OXFORD, Ohio — New research reveals that early life stress (ELS) can have a permanent impact on the brain, and that poverty can be a leading cause of child development issues.
A study published recently in Biological Psychiatry examines samples of children around 12-years-old who suffered from physical abuse, early neglect or low socioeconomic status in their first few years of life in order to explore the correlation between ELS and the development of certain regions of the brain and behavioral disorders.
What researchers are finding is that the amygdala and hippocampus, two regions of the brain that are heavily involved in socio-emotional functioning, are smaller in children who suffer toxic stress in their early years. The biggest stressors appear to be physical abuse and low socioeconomic status.
Through interviews with the children and their caregivers and brain scans, the research team conducting the study was able to conclude that smaller amygdala and hippocampal volumes are associated with behavioral problems and an inability to process emotions. Specifically, relatively small hippocampi are found in children who suffered physical abuse and poverty in their first three to four years.
Seth Pollak , a co-leader of the Biological Psychiatry study, observes that “given how costly these early stressful experiences are for society…unless we understand what part of the brain is affected, we won’t be able to tailor something to do about it.”
Another study, published this summer in Frontiers in Psychology, links academic achievement, working memory and poverty, and sheds light on the cycle of poverty that keeps so many children from meeting their potential.
PsyBlog defines working memory as “the ability to hold pieces of information in the mind and manipulate them, as well as the ability to stay on-task and ignore distractions.”
The Frontiers in Psychology study examines 106 Brazilian children between the ages of six and eight, half of whom live below the poverty line. Various test results show that success in reading and across all areas of study is demonstrated by children with the best working memories. The authors suggest that children living in poverty have a more difficult time developing their working memories – and, therefore, literacy and academic achievement – than do their more wealthy peers.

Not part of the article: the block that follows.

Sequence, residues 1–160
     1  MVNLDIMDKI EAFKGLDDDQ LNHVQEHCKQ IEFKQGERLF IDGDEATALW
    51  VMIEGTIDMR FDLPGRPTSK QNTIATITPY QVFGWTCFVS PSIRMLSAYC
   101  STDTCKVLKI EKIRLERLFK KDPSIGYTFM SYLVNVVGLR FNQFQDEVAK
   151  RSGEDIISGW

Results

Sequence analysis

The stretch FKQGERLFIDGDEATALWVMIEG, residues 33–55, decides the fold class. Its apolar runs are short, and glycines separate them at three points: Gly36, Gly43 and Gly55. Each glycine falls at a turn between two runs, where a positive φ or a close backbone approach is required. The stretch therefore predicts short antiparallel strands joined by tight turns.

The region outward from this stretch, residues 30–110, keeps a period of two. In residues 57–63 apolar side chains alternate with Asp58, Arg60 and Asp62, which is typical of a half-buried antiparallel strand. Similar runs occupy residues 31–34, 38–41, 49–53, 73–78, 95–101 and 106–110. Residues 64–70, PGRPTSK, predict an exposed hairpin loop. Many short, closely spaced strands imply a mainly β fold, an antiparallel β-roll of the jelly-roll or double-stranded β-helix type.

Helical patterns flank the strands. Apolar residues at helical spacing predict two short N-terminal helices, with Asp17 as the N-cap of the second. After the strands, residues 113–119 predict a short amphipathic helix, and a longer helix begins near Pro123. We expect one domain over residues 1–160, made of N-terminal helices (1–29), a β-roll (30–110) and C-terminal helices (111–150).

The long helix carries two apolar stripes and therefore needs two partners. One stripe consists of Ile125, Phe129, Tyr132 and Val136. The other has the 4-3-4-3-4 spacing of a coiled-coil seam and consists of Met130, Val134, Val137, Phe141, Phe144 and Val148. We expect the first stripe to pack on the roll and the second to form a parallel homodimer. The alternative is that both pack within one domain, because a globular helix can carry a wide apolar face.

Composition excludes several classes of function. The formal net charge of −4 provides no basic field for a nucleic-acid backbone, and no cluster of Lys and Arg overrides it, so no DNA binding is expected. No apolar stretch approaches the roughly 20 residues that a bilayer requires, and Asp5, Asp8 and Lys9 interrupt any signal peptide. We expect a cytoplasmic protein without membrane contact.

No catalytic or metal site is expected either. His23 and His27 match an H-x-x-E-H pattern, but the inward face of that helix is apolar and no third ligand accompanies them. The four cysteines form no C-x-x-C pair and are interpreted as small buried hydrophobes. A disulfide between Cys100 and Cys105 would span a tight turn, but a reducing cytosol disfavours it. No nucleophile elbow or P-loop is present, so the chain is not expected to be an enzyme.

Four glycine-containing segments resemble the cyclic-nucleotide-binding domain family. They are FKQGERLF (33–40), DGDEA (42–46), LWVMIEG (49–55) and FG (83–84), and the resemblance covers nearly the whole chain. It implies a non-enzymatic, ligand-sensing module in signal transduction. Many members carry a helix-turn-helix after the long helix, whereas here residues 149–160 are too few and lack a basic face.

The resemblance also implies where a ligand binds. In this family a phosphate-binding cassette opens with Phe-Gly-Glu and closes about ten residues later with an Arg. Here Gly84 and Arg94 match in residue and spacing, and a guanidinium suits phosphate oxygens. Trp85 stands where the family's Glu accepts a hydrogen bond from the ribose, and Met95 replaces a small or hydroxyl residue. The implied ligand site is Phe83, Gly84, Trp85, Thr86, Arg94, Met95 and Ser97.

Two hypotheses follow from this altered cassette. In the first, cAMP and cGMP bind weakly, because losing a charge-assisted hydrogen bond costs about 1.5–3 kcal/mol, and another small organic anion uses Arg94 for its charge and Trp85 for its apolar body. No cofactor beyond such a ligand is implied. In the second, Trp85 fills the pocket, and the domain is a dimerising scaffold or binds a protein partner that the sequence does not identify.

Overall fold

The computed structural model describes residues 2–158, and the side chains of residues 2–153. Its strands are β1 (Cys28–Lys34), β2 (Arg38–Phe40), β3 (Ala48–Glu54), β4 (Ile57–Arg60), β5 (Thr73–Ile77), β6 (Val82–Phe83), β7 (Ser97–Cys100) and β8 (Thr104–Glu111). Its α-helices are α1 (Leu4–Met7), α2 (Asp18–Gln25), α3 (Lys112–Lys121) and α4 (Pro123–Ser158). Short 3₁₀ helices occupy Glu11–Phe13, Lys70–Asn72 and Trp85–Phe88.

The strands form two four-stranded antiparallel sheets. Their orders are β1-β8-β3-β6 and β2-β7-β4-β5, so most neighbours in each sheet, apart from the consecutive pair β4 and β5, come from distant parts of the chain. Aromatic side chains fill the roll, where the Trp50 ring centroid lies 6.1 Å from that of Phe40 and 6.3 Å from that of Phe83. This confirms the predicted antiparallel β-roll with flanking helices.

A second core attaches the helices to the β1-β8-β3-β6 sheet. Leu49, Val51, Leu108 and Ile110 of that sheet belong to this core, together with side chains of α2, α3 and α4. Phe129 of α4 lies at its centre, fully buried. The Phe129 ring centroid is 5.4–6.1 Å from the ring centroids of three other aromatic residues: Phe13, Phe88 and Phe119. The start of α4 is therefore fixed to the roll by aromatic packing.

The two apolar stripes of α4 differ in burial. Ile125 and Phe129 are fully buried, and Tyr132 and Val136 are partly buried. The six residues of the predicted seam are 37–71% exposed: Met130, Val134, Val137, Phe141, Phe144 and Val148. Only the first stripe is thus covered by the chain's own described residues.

The study’s leader Dr. Pascale Engel de Abreu states, “Our findings suggest the importance of early screening and intervention, especially in the context of poverty. At present, poor working memory is rarely identified by teachers. Poor literacy, low academic achievement and living in poverty create a mutually reinforcing cycle. There is a chance to break this by early identification of children with working memory problems and by helping them to acquire the mental tools which will enable them to learn.”
These studies reinforce what most people take for granted – the deck is stacked against children living in poverty. But these studies also offer more insight into the various physiological and psychological processes that occur when a child grows up in poverty.
Of course, these physical and mental challenges have been overcome by many incredibly accomplished individuals who can proudly share their own journeys from rags to riches. Howard Schultz grew up in the Brooklyn projects, earned a football scholarship to the University of Northern Michigan and now leads the Starbucks empire. Leonardo Del Vecchio was raised in an orphanage, lost his finger in the factory where he worked as a teenager and went on to build Luxottica, the largest eyewear maker in the world. Ursula Burns spent her childhood living with her mother in a housing project on Manhattan’s Lower East Side, got into NYU and became the first African-American woman at the head of a Fortune 500 company as she took on the role of CEO at Xerox.
Although early life stress and risk factors for academic under achievement create obstacles for children growing up under the poverty line, they are by no means insurmountable. New research is revealing the psychological reasons behind cycles of poverty and is pointing out new ways to help these underprivileged children. No child should be seen as a lost cause.
– Kayla Strickland